Which direction? The balance between home and office as a mom.

Posted by Jesse Lillejord on
direction

 

WORKING MOM

The pull
I was working full time when I found out I was first pregnant. I continued to work throughout my pregnancy… and returned 8 weeks after she came into this world. I understand the pull to both work and be home with your baby. Leaving her every day was one of the most difficult things I’ve ever had to do. In the beginning, I would weep on the way to work… over lunch… and sometimes on my way home. But then it became my new normal and we, as a new family, found our balance. Toward the end, I found a peace in my time away. Moments for myself, which so rarely come in motherhood.

The guilt
The kind of guilt that comes with leaving your baby to head to work can be heavy. I found that it was important to let my husband understand that weight, rather than bottle it in. It made us a better team and helped me feel more understood.

The reward
There is a satisfaction that comes with working. It’s ok to admit that and embrace it. I spent nearly a decade pursuing my career, and I’m proud of what I do. Having a career and something to believe in outside of your home only makes you a stronger mother.

 

DOMESTIC ENGINEER

The exhaustion
Whether you’re new at this or coming to the end of this, it’s exhausting… and rewarding, and frustrating, and gratifying, and overwhelming, and also simplifying. Staying home with my kids was so much more than I could have possibly imagined.

The Outlet
I had many lonely moments due to the lack of interaction with other moms, friends and co-workers. Learning to identify that and finding the outlet that worked was key for me. That outlet was constantly changing, too. In the beginning, the outlet was walking to a park to meet up with another mom in an attempt to get some fresh air. Then, it was joining a few different groups (ECFE is a good example) which I learned didn’t really work for what I needed (admitting that was tough, because it seemed to work for so many other moms). Next it was pre-school for my kids, which gave me a mild break and allowed me to meet other parents. Most recently, it’s been the gym and exercise. Though I worked out from the beginning, I found that I wasn’t really able to prioritize myself until my youngest was 4 (and my oldest was 6). No matter your outlet, the key is listening to yourself.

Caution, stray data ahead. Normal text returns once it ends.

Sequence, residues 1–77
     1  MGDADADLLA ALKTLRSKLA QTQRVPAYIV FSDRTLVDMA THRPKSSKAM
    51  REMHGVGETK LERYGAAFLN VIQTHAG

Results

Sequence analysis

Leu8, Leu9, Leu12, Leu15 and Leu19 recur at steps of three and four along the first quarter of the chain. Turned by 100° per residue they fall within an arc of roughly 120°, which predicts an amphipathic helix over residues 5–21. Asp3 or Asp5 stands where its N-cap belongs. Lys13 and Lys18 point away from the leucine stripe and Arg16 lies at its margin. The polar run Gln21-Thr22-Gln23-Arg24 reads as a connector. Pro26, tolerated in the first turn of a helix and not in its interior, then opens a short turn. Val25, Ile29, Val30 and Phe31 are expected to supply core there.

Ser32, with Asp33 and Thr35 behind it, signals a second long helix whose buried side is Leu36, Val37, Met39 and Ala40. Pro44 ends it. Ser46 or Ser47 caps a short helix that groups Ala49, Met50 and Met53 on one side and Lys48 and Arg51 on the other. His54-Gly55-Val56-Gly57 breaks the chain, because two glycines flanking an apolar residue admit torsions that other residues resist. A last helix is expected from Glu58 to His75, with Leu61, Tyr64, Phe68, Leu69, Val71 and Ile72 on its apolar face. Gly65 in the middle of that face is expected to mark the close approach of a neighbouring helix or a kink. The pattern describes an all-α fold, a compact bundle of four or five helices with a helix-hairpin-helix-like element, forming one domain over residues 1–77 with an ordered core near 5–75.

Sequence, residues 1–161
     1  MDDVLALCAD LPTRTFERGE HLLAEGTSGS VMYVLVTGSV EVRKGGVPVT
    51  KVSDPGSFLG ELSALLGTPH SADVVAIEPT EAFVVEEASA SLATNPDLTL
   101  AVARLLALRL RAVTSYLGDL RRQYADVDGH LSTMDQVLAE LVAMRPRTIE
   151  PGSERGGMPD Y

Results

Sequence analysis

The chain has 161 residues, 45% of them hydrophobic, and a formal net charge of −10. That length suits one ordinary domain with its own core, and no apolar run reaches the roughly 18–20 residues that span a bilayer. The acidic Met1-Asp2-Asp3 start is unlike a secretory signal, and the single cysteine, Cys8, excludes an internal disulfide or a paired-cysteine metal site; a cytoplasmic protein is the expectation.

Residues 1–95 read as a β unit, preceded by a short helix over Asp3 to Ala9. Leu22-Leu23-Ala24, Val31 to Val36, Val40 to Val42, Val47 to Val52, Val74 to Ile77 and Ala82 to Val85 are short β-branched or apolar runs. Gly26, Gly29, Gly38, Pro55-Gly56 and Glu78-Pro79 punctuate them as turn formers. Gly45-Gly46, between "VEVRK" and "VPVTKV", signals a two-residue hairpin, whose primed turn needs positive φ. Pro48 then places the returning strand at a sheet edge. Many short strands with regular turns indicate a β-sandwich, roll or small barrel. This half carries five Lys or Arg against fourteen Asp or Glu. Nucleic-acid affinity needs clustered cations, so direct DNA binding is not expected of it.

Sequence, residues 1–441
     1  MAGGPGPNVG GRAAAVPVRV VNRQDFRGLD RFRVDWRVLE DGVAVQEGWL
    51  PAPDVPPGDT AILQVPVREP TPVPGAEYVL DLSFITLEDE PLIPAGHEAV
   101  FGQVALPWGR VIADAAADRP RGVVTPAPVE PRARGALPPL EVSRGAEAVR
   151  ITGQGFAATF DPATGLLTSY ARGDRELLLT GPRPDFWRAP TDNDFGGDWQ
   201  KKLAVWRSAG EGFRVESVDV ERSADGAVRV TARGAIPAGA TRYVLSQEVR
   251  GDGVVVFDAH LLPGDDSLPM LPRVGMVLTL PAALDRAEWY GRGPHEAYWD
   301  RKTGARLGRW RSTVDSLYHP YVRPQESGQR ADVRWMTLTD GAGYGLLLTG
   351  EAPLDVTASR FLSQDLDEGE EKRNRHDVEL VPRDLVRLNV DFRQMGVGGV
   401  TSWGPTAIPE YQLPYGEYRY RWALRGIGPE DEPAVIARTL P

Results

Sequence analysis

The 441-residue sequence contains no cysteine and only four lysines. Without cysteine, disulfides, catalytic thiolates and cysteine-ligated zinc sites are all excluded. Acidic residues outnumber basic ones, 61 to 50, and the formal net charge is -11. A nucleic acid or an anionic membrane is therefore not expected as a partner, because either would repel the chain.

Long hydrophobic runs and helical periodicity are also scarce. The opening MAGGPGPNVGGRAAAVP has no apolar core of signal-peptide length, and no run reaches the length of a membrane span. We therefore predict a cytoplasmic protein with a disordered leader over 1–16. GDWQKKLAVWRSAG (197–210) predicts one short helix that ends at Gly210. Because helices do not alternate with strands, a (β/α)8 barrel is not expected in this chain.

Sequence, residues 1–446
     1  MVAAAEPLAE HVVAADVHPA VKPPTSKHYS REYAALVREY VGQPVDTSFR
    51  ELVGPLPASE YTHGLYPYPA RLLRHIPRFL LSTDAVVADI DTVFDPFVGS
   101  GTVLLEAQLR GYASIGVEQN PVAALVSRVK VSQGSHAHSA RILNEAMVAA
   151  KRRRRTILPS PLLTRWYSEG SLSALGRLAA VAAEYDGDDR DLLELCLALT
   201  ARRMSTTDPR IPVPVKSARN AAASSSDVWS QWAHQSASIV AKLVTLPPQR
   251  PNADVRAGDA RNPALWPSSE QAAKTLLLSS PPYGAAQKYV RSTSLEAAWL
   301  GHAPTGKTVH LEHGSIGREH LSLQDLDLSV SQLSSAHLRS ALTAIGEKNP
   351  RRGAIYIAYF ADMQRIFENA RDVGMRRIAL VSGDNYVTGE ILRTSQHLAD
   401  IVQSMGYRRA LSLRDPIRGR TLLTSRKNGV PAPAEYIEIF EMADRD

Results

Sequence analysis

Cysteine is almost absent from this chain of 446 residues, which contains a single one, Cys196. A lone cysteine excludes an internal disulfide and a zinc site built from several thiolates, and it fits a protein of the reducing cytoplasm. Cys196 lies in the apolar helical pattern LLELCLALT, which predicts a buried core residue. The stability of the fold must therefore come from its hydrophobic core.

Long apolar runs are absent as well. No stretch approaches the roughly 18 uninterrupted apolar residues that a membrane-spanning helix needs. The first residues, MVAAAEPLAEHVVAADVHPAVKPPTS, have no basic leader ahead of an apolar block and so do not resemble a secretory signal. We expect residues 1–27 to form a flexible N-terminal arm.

Your patience
It will be tested. Be patient with yourself. I still tell myself this every day that I’m home with my kids. When the day doesn’t go as intended (which, let’s be honest, happens often) I literally tell myself: “Tomorrow is a new day.”



PART TIME MOM

What does this even mean?
Really, it means that you have two, seemingly, full time jobs that you can’t possibly give 100% to. I’ve worked “part time” a few different times throughout motherhood. I often felt very torn between how much time to commit to work and when to walk away.

Letting go
Allowing yourself to walk away at the end of a day and leave your work at the office can be difficult. It’s ok to set your limits and stand by them. It’s often important to know your limitations with work and understand when you need to let go.

There’s not enough time in the day
Part-time usually puts you in a position where you have to accept that the week will fly by without you getting all the household stuff done. It’s ok to ask for help, even if you’re only working “part-time.” It’s ok to let your family know that you can’t get it all done. Recognize the things you’re falling short on, prioritize, and ask for help.


PROPS to you for whatever it is that you choose to do.
Whatever your calling, find your BALANCE. Find your inner mother calling out and telling you what you should do TODAY. It may change tomorrow. It may change next year. Motherhood is a meandering path that doesn’t always offer all the answers. Being FLEXIBLE is the best way to accomplish all that you hope. And at the end of the day, feeling good about what you’re doing is key.


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